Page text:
Lentigo maligna (LM) is a common in situ melanoma subtype arising on chronically sun-damaged skin and mostly affects the head and neck region. Localisation in cosmetically sensitive areas, difficulty to obtain wide resection margins and advanced patient age/comorbidities have encouraged investigation of less invasive therapeutic strategies than surgery in managing complex cases of LM. Radiotherapy and imiquimod have emerged as alternative treatment options in this context. The treatment of LM with imiquimod cream can be challenging due to the nature of the disease including its often large size, variegated appearance, involvement of adnexal structures, poorly defined peripheral edge and frequent localisation close to sensitive structures such as the eyes and lips, and elderly patients with multiple comorbidities. Prolonged and unpredictable inflammatory reaction and side effects and compliance with a patient-delivered therapy can also be challenging. In the literature to date, studies evaluating the use of imiquimod to treat LM have utilised varying methodologies and provided short follow-up and these limitations have impaired the development of clear guidelines for dosage and management of side effects. Based on our multidisciplinary experience and review of the literature, we propose practical clinical strategies for the use of imiquimod for treating LM, detailing optimal administration procedures in various clinical scenarios and long-term management, with the aim of facilitating optimal patient outcomes.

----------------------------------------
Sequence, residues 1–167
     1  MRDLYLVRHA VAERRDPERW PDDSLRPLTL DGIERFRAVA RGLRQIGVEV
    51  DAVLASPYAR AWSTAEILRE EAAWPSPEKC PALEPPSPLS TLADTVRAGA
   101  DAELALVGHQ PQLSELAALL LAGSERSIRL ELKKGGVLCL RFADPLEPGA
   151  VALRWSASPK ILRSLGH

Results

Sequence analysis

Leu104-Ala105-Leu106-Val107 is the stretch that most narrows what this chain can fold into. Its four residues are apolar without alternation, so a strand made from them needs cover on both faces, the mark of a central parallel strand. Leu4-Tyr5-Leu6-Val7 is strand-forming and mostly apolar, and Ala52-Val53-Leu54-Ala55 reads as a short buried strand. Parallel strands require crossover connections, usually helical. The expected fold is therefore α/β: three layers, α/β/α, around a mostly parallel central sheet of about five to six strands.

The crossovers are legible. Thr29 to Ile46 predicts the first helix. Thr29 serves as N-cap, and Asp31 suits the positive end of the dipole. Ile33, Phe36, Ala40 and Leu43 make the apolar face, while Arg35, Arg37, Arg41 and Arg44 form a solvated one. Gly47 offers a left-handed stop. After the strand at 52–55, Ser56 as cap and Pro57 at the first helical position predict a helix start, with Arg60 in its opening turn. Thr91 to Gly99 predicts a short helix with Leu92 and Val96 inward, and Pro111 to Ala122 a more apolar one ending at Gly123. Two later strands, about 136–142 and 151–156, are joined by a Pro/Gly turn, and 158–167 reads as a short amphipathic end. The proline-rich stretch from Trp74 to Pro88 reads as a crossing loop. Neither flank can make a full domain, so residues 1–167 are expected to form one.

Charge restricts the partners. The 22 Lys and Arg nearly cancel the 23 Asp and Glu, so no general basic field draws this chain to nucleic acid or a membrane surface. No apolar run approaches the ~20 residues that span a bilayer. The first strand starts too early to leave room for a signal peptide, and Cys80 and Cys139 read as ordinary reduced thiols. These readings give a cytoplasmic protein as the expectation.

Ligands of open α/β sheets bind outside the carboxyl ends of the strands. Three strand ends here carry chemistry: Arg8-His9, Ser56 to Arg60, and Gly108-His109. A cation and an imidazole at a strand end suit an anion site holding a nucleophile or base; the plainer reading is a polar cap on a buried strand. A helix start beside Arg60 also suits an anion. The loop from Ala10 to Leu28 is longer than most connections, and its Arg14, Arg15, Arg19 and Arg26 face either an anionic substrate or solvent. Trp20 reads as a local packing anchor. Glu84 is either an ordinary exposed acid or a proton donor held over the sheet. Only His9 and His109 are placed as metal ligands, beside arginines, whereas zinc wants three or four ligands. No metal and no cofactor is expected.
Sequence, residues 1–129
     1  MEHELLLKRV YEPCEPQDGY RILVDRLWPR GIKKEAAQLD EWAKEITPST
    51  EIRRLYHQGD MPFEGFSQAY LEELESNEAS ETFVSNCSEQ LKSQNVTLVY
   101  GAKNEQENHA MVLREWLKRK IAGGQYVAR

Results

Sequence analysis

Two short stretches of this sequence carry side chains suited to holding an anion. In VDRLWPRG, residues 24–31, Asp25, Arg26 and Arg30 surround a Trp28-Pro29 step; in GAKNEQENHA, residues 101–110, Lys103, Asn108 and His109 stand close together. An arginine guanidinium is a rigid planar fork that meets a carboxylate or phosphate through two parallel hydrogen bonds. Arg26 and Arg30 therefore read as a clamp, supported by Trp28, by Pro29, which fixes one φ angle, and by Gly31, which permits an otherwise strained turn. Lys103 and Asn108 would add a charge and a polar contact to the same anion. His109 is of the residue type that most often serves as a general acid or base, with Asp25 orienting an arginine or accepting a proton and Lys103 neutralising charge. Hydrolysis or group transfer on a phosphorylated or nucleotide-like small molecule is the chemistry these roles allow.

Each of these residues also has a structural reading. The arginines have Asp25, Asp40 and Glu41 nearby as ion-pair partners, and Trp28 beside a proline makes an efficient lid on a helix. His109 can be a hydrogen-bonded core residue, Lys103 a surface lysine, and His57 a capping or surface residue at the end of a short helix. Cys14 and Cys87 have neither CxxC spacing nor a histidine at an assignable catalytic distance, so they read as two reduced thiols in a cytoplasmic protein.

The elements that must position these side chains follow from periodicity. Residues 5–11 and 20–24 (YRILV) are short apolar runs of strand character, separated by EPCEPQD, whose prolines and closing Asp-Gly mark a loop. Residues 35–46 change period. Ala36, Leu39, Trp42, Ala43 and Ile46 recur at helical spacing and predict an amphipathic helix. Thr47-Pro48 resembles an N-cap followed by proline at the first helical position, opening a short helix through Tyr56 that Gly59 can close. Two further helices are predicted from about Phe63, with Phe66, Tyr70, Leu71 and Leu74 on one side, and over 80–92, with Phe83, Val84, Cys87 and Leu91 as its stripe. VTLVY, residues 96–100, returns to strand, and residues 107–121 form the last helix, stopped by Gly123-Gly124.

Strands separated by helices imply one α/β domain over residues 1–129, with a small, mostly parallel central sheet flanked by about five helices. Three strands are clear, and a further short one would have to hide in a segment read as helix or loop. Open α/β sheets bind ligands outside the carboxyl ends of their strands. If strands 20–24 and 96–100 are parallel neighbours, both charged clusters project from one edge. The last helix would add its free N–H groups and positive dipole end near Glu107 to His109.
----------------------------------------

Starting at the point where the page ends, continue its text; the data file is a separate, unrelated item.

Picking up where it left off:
Keywords: Hutchinson's Melanotic Freckle; diagnosis; imiquimod; lentigo maligna; multidisciplinary consensus; pathology; treatment.
© 2021 The Australasian College of Dermatologists.